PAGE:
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Doesn't C also have structs? Aren't C files themselves separate modules(basically, objects)? Not sure what the exact difference between procedural and object-oriented is... –  Dark Templar Oct 10 '11 at 20:39
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Dark you have illustrated my point. It's not a limitation of the language that allows you to write procedurally or in an object-orientated way it is an ethos or way of thinking. –  Ant Dec 14 '11 at 9:29
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C++ adds not only new features, but new concepts and new idioms to C. Even though C++ and C are closely related, the fact remains that in order to write effectively in a language, you must think in the style of that language. Even the best C code cannot take advantage of the different strengths and idioms of C++, and so is more likely than not actually rather bad C++ code.

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The "extended features", you make it sound like in C++ they added like, variadic macros or something and that's it. The "extended features" in C++ are a complete overhaul of the language and totally supersede the best C practices because the new C++ features are so much better than the original C features that the original C features are completely and totally redundant in the vast majority cases. Suggesting that C++ merely extends C is suggesting that a modern battle tank extends a butterknife for the purposes of waging war.

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Can you enumerate an example of one of the more useful features that C++ has that C doesn't? –  Dark Templar Oct 10 '11 at 20:46
    
@DarkTemplar: How about easy-mode resource management with RAII? Or nice generic data structures using templates? Just to begin with. –  DeadMG Oct 11 '11 at 10:33
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While C++ can be a super set of C in syntactic terms - i.e. any construct of C program can be compiled by C++ compiler.

However, you almost never write a C++ programs the way you would have done with C program. The list can be endless or may be someone should just do more research to put it as exhaustive reports. However, i am putting few pointers that make the key differences.

The point of the current post is that C++ has following features that a good C++ programmers must use as programming best practices even though C equivalent are possible to compile.

How should it be done in C++ over C

  1. Classes & Inheritance. That's most important differences that allows systematic object orientation that makes programming expression very powerful. I guess - this point needs no better explanation. If you are in C++ - almost always, you are better of making use of classes.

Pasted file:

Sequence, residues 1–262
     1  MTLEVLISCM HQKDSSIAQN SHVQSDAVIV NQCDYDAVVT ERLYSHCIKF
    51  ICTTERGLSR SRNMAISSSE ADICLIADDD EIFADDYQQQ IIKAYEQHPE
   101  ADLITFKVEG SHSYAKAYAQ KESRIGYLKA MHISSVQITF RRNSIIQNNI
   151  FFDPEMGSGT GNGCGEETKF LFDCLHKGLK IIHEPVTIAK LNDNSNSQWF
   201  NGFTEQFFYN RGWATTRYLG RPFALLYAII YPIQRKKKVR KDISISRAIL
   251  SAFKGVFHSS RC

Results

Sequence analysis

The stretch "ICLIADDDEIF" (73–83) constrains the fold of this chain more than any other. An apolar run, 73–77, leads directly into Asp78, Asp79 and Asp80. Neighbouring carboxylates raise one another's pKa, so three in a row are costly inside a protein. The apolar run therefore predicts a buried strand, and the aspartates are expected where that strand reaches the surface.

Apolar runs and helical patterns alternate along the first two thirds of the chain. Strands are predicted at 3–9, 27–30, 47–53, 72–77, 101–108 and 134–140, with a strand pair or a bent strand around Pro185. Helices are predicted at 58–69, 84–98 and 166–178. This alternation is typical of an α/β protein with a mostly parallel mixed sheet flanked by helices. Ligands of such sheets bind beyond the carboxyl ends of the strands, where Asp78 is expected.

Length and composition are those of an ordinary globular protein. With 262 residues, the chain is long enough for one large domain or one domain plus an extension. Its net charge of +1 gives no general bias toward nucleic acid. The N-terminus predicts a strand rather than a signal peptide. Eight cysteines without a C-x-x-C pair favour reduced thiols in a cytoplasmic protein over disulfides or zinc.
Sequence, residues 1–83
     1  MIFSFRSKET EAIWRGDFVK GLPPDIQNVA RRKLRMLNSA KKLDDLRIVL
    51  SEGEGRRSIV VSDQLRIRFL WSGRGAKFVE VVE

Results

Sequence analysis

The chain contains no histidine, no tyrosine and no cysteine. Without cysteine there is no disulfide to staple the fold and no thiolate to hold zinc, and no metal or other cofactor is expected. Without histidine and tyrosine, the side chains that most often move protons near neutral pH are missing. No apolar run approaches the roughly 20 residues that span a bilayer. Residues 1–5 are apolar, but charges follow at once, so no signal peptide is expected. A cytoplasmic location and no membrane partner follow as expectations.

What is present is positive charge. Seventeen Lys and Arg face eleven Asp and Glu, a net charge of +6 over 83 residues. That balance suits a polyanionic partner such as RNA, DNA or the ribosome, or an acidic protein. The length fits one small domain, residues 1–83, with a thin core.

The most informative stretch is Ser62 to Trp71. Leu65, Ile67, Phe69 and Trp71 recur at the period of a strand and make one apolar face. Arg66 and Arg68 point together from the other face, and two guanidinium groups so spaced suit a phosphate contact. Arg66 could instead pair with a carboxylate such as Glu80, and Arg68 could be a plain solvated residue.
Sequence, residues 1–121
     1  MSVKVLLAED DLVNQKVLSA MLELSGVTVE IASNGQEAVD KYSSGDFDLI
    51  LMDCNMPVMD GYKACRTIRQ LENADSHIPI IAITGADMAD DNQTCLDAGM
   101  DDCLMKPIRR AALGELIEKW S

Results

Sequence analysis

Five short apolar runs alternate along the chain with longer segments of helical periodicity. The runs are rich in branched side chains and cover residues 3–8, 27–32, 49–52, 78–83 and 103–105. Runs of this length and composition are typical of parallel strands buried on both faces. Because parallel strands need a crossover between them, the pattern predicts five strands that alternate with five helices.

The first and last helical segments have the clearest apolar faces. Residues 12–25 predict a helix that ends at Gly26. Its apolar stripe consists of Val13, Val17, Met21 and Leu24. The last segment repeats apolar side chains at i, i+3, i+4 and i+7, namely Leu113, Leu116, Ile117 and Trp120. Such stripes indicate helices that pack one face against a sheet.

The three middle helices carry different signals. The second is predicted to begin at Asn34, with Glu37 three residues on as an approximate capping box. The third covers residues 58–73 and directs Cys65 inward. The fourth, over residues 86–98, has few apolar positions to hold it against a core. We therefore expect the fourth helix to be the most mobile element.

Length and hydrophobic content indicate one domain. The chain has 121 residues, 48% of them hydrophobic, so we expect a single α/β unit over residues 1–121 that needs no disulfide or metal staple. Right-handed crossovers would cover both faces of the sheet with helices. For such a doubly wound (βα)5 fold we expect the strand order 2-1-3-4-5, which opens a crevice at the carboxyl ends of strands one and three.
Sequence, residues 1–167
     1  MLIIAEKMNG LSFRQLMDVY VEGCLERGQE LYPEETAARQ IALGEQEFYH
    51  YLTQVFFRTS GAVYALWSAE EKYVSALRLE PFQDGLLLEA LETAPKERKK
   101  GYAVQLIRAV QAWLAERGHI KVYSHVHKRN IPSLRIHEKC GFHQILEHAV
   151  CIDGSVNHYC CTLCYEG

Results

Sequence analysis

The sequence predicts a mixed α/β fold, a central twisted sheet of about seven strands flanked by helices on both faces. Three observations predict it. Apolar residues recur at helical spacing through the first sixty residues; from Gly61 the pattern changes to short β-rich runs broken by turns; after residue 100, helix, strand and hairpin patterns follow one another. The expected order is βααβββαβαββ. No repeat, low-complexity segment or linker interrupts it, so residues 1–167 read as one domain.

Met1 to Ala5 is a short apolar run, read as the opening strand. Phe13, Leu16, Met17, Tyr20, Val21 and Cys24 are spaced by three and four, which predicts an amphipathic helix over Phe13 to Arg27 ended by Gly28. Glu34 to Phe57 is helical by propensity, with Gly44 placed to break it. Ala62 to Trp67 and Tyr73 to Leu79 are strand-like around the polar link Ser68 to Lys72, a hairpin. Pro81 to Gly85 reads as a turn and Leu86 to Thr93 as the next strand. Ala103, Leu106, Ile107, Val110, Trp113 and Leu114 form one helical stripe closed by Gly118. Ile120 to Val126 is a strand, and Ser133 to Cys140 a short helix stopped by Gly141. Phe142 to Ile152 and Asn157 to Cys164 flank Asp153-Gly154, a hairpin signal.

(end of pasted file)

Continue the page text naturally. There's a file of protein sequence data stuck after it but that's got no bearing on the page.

2. Privatization - Classes, and even structures have what is private members. This makes encapsulation of a class possible. The equivalent in C is by way of typecasting the object as void * to application so that application doesn't have access to internal variables. However, in C++ you can have elements with public as well as private classes.

  3. Pass by reference. C++ allows modification based on reference, for which passing pointers is required. Pass-by-reference keeps code very clean and more so safer against pointer hazards. You an as well pass C style pointer and that works - but if you are in C++ you are better-off as long as

  4. new & delete vs. malloc and free. The new() and delete() statements not only allocates and de-allocate memory, but also allow code to execute as part of destruct-er to be called in a chain. If you are using C++ - it is actually BAD to use malloc and free.

  5. IO types and operator overloading Operator overloading make code readable or more intuitive if done well. Same for << and >> io operators. The C way of doing this would be to use function pointers - but it is messy and only for advance programmers.

  6. Using "string". The char * from C works everywhere. So C and C++ is pretty much same. However, if you are in C++ - it is always much better (and safer) to use String classes which saves you from the dangers of arrays over running which are almost every things.

Features I would still not be fan of in C++ 1. Templates - While i don't use heavy templates in many codes - it can turn out to be very powerful for libraries. There is almost no equivalent of it in C. But on a normal day - specially if you are doing mathematically missing.

  1. Smart pointers - Yes, they are very smart! And like most smart things - they start out good and become messy later! I don't quite like to use

Things that i like about C and miss in C++

  1. Polymorphic algorithms by using function pointers. In C, when you are running complex algorithms - some times you can use set of function pointers. This makes true polymorphism in a powerful way. When you are in C++ you CAN use function pointers - but that is bad. You should be only using methods - else be prepared to get messy. The only form of polymorphism in C++ classes is function and operator overloading but that is quite limiting.

  2. Simple threads. When you create threads were pthreads - it is quite simple and manageable. It becomes when you need to create threads which are supposed to be "private" to the classes (so that they have access to private members). There is boost type of frameworks - but nothing in basic C++.

Dipan.